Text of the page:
- Enable a Hidden Auto-Correct & Auto-Complete Word Suggestion Bar in iOS 5
- Show Full File & Folder Names on the Mac Desktop
- Split the iPad Keyboard For Easier Typing
- Java Update for Mac OS X 10.7 & 10.6 Available via Software Update
Posted: 09 Nov 2011 10:35 PM PST
A hidden autocorrect suggestion bar has been uncovered in iOS, and with a bit of patience you can enable it yourself with any iPhone, iPad, or iPod touch running iOS 5+. The discovery was made by iOS developer Sonny Dickson, who provides the details on how to edit your iOS backups to turn the feature on without a jailbreak. This is pretty easy to follow, but it helps if you have even a tiny amount of experience editing markup or code:
Now anywhere you would typically see the iOS keyboard, start typing and you’ll see the completion recommendation bar fill in with suggested words or corrections. This is a typing feature that is widely used on Android phones, but for some reason or another Apple has decided against including in currently shipping versions of iOS.
If you’re going to attempt these tweaks on your own, it’d be wise to make a manual copy of iOS backup files, you can find those locally on your drive.
This is the second such finding this week, the first being a hidden panoramic camera option that can also be enabled through practically identical methods as those mentioned above.
Posted: 09 Nov 2011 01:32 PM PST
Have you ever noticed that some files and folders display truncated names when they’re placed on the Mac OS X Desktop? A file or folder named anything over a certain character limit will be shortened with a series of three periods, something like “Mobile Documents Sync” will display as “Mobile Do…ync” and so on. One of our readers ran into this when setting up file syncing between Macs with iCloud and wrote in suggesting it was a bug, but it’s not.
The reason for the shortened file and folder names is actually due to the current icon grid alignment settings, and in order to show the full file or folder name, all we need to do is adjust the size of the icons grid spacing.
How to Display Full File Names on the Mac OS X Desktop
This works the same in all versions of Mac OS X:
Assuming the text size is 12-14, moving the grid spacing to about 3/4 is enough to display most full name of most files and folders, but for some extremely long file names you’d have to move it even further over. Because the changes are taking effect live, you can test the settings and see what works best for your needs, although you’ll quickly notice that the grid spacing also directly impacts how cluttered the icons feel.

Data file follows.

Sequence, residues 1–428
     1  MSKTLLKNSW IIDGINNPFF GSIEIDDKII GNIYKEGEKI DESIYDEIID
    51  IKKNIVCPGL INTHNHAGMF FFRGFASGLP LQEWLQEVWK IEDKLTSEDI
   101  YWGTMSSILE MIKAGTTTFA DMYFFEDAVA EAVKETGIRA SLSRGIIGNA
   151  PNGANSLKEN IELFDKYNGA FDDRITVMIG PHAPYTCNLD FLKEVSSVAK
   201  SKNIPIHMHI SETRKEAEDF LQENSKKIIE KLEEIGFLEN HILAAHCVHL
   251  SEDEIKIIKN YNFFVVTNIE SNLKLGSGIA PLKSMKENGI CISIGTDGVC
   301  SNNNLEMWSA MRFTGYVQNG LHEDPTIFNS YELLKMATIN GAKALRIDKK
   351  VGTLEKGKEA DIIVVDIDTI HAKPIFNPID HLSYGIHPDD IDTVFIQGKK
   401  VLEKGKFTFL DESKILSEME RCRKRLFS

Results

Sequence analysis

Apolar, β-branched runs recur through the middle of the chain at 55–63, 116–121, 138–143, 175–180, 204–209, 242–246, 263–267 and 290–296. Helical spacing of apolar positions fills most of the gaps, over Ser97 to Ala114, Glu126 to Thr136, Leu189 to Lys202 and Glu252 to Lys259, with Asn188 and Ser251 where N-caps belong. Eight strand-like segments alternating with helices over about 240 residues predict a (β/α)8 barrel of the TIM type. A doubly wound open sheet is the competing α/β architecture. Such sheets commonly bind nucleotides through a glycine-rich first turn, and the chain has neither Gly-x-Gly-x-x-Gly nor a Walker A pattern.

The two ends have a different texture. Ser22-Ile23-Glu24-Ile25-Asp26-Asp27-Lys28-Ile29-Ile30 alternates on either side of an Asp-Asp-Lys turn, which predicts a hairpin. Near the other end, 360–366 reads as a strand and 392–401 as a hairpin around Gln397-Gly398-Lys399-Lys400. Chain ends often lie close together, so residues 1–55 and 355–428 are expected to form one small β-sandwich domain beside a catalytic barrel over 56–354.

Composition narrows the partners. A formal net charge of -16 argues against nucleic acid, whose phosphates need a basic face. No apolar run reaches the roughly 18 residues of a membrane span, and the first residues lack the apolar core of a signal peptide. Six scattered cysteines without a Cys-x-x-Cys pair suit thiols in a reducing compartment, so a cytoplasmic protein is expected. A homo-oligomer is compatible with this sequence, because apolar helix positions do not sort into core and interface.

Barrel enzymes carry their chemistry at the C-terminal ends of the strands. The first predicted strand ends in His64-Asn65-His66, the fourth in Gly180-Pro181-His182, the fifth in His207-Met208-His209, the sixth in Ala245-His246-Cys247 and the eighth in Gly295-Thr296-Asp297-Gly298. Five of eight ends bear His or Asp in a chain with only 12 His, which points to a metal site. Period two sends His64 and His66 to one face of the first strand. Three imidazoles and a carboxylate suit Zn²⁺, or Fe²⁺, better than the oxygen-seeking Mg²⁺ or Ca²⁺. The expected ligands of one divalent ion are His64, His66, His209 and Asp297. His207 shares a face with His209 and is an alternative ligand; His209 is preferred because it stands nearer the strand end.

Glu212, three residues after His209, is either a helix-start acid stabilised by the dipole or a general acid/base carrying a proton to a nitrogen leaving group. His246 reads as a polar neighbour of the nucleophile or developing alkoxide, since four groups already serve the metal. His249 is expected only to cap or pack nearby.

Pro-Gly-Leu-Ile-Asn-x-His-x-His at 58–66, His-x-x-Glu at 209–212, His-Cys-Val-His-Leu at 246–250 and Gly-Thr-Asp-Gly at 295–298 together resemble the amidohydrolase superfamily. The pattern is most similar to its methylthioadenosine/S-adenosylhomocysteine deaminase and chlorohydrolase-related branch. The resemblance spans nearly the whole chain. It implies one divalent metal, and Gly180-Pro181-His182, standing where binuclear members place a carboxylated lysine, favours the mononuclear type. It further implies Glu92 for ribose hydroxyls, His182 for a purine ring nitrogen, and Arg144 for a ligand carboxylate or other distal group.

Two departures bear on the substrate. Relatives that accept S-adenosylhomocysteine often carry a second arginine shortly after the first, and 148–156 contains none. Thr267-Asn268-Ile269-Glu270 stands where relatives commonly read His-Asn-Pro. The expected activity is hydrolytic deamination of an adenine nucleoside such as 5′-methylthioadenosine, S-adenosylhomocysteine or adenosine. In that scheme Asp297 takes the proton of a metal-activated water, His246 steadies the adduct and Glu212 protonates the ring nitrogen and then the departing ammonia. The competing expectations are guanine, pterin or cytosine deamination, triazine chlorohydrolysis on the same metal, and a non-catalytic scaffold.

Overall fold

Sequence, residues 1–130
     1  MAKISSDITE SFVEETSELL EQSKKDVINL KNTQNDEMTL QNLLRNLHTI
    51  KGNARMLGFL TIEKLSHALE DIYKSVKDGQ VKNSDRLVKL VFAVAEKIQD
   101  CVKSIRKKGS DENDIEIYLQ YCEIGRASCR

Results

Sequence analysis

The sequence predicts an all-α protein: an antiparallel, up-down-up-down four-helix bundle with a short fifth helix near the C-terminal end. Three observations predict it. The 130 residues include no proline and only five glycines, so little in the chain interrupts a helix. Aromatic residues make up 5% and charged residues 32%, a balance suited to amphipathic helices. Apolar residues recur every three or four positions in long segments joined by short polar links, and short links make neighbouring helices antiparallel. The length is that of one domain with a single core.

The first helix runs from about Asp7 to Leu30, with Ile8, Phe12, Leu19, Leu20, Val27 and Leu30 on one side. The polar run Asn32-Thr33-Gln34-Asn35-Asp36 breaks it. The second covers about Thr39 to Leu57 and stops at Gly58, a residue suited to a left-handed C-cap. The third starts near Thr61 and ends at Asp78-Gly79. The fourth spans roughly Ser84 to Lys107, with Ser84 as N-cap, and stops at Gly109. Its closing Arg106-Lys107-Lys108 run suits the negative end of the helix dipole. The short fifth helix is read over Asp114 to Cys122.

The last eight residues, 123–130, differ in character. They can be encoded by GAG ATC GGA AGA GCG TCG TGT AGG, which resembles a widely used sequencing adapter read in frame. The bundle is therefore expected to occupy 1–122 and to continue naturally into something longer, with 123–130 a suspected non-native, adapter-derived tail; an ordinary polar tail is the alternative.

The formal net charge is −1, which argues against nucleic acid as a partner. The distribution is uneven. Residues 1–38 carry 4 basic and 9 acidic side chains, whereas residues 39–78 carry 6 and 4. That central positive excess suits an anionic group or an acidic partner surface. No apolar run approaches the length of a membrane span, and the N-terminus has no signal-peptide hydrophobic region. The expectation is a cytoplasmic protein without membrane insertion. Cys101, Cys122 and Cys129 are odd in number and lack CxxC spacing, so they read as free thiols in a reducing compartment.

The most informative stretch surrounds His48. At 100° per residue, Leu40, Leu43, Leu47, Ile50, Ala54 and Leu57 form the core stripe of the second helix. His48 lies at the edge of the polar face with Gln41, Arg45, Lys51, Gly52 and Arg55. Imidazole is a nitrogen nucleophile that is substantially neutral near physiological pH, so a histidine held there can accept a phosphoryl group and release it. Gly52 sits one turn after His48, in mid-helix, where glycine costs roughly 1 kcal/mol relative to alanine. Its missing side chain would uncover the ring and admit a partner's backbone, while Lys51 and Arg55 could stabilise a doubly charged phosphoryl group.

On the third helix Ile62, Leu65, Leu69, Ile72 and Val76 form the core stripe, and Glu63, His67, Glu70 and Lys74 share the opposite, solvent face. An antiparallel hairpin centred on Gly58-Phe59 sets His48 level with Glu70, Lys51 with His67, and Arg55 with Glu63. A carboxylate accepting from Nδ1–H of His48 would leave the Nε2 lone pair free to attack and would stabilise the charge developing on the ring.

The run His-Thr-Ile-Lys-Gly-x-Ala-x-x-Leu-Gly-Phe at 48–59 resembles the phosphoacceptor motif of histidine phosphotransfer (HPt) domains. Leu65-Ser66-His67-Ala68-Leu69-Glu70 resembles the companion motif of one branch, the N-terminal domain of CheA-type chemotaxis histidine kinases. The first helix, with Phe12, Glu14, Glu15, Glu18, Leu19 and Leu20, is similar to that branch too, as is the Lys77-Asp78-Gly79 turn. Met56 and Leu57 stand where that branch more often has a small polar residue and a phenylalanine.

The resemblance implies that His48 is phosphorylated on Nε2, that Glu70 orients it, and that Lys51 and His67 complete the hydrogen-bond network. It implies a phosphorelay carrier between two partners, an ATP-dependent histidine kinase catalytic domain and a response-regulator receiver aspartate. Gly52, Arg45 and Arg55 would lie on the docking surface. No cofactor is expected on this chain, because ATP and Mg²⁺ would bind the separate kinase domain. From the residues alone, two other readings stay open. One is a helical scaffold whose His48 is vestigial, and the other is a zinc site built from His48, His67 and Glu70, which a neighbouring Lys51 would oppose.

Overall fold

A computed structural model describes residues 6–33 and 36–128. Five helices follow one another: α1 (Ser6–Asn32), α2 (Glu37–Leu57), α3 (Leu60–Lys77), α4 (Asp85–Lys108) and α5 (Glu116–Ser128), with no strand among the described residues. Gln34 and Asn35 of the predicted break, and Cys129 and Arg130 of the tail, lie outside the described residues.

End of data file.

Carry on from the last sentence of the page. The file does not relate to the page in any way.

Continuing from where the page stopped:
There is a limit, and with extremely long file names there isn’t a way to have the full name displayed on the desktop, although you could show them with a wide enough Finder window and the “Name” sorting expanded all the way.
Posted: 09 Nov 2011 09:59 AM PST
The split keyboard is one of the most under appreciated features that iOS 5 brought to the iPad, it makes typing while holding the device significantly easier in both landscape and portrait mode by allowing you to use thumbs rather than setting the iPad flat and trying to type like a normal keyboard.
Use the iPad Split Keyboard
Adjusting the location of the split keys by tapping on “Undock” can make it even easier to type by choosing a placement where your thumbs naturally rest. Docking and merging the keyboard is available through the same menu.
Both iPad and iPad 2 have this feature as long as they are running iOS 5 or greater.
Thanks for the tip suggestion Kara
Posted: 09 Nov 2011 09:23 AM PST
Apple has pushed out a Java update for Mac OS X 10.7 and 10.6 users, the download weighs in between 65-75 MB and includes a variety of performance enhancements, bug fixes, and security updates. No reboot is required for installing the update.
You can grab the update from the Apple menu’s “Software Update” or through a direct download from Apple’s servers. The direct download links below are for the Java update for both Mac OS X 10.7 and 10.6 in .dmg format:
The Java update is recommended for all Mac users.
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